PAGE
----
11 July 2024

On the surface, it’s a blatant show of apparently-backpedaling defiance at most. Beneath it, the opposition Move Forward Party wants its amnesty bill to look that way so that the ruling Pheu Thai Party could pay a huge price.

Talk about aiming high but shooting low. Apart from putting Pheu Thai in an awkward situation, Move Forward can also hope to keep the conservatives highly uncomfortable.

Move Forward does not expect the whole content to sail through Parliament, an arena the party knows too well it can never win at currently. It wants to make a statement outside it, at the electoral expense of Pheu Thai the next time the country goes to the polls.

Surrounded with reluctant allies without whom the party would have had to see Move Forward running the administrative show, Pheu Thai will not go anywhere near Article 112.

The ruling party has been so polite about the amnesty bill that the camp’s tough conditions escaped most people’s attention.

Late last month, public statements from senior Pheu Thai members came out to unmistakably underline the party’s unwillingness to deal with any proposed constitutional or legal change that could be “divisive”.

Public Health Minister and ex-Pheu Thai leader Cholanan Srikaew and Digital Economy and Society Minister Prasert Jantararuangtong both said the same thing: Pheu Thai would look into Move Forward’s amnesty bill but the government’s “priorities” are the bread and butter issue and the elusive reconciliation.

So, it will be Pheu Thai’s digital wallet and “soft power” promotion against Move Forward’s amnesty drive. Pheu Thai will be hoping its main programmes would bring about positive economic changes big enough for voters to forget ideology in the next election. Move Forward, of course, wants the opposite to happen.

The bill is not just Move Forward’s trump card. It’s the opposition party’s only meaningful card.

Thaksin Shinawatra’s controversial living conditions ever since he returned to Thailand stopped being powerful ammunition once Thanathorn Juangroongruangkit admitted to meeting him overseas during the formation of the post-election government.

Attacking digital wallet could beg the question why Move Forward was so silent during the election campaign. A gender equality push could boomerang against the party itself for obvious reasons.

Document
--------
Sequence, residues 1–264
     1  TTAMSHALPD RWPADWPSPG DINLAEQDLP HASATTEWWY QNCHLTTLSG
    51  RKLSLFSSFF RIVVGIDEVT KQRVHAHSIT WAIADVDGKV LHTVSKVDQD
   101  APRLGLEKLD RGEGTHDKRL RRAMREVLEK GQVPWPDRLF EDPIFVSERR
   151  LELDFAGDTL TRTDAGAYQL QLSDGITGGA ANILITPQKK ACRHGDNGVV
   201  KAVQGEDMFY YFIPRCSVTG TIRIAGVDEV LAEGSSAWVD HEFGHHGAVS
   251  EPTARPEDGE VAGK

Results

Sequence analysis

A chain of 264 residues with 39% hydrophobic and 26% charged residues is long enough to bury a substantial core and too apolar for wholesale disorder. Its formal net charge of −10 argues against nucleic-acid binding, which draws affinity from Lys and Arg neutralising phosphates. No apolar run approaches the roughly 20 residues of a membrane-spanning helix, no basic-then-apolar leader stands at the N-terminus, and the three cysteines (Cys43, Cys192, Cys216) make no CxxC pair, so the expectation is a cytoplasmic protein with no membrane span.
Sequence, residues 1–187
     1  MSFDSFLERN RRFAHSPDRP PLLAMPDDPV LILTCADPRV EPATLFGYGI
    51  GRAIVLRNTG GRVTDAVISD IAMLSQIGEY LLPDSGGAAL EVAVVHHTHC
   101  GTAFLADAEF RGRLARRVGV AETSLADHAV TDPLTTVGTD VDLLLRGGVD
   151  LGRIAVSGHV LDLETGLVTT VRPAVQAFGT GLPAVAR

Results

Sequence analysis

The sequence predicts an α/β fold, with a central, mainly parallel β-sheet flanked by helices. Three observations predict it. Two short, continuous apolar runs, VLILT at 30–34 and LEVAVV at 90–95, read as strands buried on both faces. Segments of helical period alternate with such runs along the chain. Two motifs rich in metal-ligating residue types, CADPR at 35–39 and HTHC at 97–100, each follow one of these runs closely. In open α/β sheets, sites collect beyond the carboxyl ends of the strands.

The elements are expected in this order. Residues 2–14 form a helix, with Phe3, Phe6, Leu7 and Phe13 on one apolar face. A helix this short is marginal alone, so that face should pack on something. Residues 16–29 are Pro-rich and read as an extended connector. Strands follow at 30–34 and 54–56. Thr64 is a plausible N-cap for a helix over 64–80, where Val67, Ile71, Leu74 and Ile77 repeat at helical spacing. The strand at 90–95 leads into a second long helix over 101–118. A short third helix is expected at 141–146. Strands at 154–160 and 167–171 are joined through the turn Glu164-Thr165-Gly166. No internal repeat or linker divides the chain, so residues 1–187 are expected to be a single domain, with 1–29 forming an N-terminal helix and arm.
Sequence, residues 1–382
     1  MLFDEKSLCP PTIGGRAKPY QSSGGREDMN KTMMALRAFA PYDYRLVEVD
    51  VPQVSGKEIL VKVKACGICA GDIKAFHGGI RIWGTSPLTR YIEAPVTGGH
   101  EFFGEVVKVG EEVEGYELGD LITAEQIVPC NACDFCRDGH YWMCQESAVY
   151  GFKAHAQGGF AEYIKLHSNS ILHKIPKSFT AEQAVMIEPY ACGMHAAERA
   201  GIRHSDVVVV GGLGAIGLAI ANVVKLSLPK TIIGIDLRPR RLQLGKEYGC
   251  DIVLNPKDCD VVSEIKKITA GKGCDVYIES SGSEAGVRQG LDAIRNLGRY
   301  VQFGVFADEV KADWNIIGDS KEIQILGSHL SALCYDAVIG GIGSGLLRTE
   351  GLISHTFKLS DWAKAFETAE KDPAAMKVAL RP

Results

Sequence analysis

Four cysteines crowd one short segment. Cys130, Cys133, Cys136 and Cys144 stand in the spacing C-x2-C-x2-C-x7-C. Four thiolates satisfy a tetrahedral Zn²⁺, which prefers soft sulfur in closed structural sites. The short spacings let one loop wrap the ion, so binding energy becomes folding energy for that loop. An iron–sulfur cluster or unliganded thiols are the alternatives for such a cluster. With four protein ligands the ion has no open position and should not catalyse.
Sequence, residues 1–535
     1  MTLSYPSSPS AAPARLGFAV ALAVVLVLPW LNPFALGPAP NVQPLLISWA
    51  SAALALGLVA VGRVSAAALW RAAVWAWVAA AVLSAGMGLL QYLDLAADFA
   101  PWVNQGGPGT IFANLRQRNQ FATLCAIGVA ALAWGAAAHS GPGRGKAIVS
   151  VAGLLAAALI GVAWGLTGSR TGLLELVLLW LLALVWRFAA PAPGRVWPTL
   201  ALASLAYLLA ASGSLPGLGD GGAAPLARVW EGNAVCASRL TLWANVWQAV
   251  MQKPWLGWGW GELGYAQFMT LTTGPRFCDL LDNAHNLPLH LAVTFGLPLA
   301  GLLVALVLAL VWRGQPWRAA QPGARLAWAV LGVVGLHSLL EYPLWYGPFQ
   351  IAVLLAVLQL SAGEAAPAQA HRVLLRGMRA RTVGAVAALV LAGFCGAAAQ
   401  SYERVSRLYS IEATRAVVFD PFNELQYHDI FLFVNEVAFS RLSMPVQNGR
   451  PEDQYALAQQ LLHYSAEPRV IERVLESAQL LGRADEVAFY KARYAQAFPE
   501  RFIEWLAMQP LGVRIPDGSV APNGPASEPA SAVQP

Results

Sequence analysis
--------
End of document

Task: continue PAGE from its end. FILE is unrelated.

This leaves the amnesty bill. The party played a big role in removing some taboos, and while that spawned doubters or even haters, what it did was a

political signature more aggressive than that of Pheu Thai. Move Forward must be wishing that the situation outside Parliament would not change and the bill would help guarantee it.

Chaithawat Tulathon, the Move Forward leader, has sent out a strong signal about how belligerent the party would be in pushing its ideological agenda.

“Amnesty is the only possible way to remove burning wood out of the fire. Ending legal warfare is the first step of building sustainable justice and reconciliation,” he said.

Analysts see potentially-contentious points in Move Forward’s amnesty bill, as it would prohibit certain groups from getting the benefits while, at the same time, qualify certain people deemed wrongdoers by certain people for absolution.

For example, state officials, whether they were those giving or receiving orders, would be exempted from amnesty if they were involved in using excessive force while handling political protests. Reckless action ending or threatening life might be forgiven.

People on both sides as well as innocent neutrals have died because of political confrontation, so the above can be subject to intense and divisive debate.

Corruption cases would also be barred from amnesty. This would greatly divide opinions because Thailand’s political polarity has a lot to do with what one side considers blatant graft and the other calls persecution.

Political bans affecting Move Forward and its past life known as Future Forward could get a lot of scrutiny.

Highly curious is the term used by Chaithawat, “legal warfare”. Most people will have the same interpretation, which is the weaponising of laws and using them against political opponents.

This would rattle several existing laws and lead to a question of whether amnesty is truly possible without major legislative changes.

Bad news is that Move Forward’s amnesty bill will not get a friendly Parliament under normal political circumstances. Worse news is that present political circumstances are far from normal. But good news is that legal impact is not what Move Forward really wants, and that being on the “losing side” could be better politically for the biggest party.

Tulsathit Taptim